The region I grew up in has vermicelles every fall. Vermicelles means "little worm" in French and is a dessert made from chestnuts. However, since there were no chestnuts in our forests, we had to buy our vermicelles.
When I moved to the south of Germany, we collected chestnuts in the first autumn and made vermicelles from them. Here it is teeming with sweet chestnut trees. One is right in front of our kitchen window.
Isn't that wonderful?
Sweet chestnuts fresh from the tree! What we have already done with it:
Roasted chestnuts with red cabbage, baked chestnuts with oven vegetables, chestnut flour for muesli. And my favorite: vermicelles.
Here is a recipe for your own vermicelles:
- 1 kg of chestnuts
- 1 tablespoon of coconut oil
- 2 dl water,
- 75 g sugar
- 1 vanilla pod
Using a knife, score a cross on the rounded side of the chestnuts. Cook in boiling water for 4 to 6 minutes. Sieve and peel while hot. The peel is much easier to remove when it's still hot and wet. If possible, also remove the furry inner skin. This inner skin does not fit in a dessert because of its bitter taste.
Roast the peeled chestnuts in a frying pan with coconut oil.
Bring the sugar, water and vanilla pod to the boil in a saucepan and let it steep.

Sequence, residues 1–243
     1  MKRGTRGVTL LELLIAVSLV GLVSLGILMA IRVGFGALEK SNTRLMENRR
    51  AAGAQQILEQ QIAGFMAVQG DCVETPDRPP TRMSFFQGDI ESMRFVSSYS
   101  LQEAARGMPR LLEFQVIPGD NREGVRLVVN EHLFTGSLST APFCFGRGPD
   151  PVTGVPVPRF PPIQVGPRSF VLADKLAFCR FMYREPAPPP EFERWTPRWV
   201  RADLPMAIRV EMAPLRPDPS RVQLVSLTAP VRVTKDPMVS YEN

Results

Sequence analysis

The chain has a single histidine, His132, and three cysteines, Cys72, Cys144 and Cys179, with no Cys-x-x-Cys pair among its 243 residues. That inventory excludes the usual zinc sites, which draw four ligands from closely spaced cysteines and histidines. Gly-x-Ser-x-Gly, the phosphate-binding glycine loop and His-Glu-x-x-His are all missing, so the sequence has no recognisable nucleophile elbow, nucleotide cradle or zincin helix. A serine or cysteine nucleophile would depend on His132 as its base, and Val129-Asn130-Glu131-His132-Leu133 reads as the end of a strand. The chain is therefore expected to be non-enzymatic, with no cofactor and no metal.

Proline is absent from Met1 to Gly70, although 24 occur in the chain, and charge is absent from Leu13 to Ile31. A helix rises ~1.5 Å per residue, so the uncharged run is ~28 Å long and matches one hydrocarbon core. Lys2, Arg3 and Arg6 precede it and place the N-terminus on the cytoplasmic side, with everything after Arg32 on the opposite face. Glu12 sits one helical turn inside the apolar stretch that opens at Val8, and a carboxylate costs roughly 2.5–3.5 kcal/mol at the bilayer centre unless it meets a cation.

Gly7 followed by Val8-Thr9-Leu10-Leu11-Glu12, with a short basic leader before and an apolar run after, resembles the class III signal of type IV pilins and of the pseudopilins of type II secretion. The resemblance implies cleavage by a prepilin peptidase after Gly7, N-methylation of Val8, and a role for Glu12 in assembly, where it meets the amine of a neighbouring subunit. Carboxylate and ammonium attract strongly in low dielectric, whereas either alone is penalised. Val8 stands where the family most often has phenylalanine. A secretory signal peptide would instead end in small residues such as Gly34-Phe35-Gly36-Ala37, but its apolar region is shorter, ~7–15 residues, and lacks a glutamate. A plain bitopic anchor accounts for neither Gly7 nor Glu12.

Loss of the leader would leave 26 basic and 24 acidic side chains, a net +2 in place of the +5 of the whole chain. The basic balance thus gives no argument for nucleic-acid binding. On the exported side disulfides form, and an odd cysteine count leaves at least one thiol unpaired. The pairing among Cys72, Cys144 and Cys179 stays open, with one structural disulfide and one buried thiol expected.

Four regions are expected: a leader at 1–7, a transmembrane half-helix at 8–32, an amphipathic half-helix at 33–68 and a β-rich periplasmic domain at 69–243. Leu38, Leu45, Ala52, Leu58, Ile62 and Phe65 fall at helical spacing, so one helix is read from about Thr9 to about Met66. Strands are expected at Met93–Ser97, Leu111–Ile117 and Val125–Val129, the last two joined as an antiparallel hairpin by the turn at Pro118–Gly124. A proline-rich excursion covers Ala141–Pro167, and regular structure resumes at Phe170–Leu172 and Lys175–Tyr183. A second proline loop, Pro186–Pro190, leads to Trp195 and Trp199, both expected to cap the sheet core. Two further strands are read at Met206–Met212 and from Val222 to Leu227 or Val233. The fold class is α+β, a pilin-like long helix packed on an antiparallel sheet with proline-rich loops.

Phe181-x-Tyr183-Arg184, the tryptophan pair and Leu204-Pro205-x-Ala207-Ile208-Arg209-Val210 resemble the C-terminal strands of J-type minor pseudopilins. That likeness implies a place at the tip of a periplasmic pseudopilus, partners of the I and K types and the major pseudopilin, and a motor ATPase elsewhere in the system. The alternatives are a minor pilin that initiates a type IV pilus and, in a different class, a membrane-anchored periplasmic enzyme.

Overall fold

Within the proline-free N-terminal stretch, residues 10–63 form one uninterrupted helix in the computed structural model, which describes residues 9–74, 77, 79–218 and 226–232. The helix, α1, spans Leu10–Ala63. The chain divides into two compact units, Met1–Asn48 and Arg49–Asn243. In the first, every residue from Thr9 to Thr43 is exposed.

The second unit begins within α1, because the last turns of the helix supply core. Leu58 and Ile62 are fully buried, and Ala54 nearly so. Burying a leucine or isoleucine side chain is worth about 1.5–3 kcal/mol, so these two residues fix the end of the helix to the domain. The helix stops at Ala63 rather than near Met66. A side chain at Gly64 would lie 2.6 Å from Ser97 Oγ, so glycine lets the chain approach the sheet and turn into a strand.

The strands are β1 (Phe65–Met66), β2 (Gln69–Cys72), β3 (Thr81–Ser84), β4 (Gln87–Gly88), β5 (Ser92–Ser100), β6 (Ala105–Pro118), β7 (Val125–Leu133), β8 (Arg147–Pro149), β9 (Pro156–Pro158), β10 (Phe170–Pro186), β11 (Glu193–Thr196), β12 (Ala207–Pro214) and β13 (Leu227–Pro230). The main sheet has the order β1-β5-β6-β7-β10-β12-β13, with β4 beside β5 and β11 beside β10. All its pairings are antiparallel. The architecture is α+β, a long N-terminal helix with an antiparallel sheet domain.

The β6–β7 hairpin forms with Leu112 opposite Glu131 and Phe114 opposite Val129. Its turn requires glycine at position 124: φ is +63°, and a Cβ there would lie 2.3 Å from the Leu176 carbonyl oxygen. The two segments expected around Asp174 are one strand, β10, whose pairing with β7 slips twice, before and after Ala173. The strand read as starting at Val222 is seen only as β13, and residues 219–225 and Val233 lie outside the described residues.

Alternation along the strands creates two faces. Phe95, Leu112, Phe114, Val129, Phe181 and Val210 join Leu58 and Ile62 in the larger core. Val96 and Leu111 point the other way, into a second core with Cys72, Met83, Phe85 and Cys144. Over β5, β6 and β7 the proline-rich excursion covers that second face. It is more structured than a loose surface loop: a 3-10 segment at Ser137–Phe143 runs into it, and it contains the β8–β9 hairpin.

Put everything in a bowl and puree.
We freeze some and eat the rest fresh. Traditionally, the paste is pressed through a press and served with cream and meringue. We often eat our vermicelles as a block with vanilla ice cream.
Even easier: chestnuts from the oven
If that's too time-consuming - here is the easiest chestnut recipe ever:
- Collect chestnuts
- to wash
- scratch a cross on the curved side with a knife
- bake (maybe together with oven vegetables)
Enjoy your meal!
Do you like tree recipes? Here is the link to a plum chutney.
Dipl. Social and cultural anthropologist with a focus on sustainable and participatory green space design in cities. (More about the author).
My vision is to bring together: people and trees, nature and culture, population and urban authorities.
If you have any questions, suggestions, interesting stories or exciting knowledge on this topic, please write to me: firstname.lastname@example.org. I'm looking forward to your message!
Do you want more tree knowledge?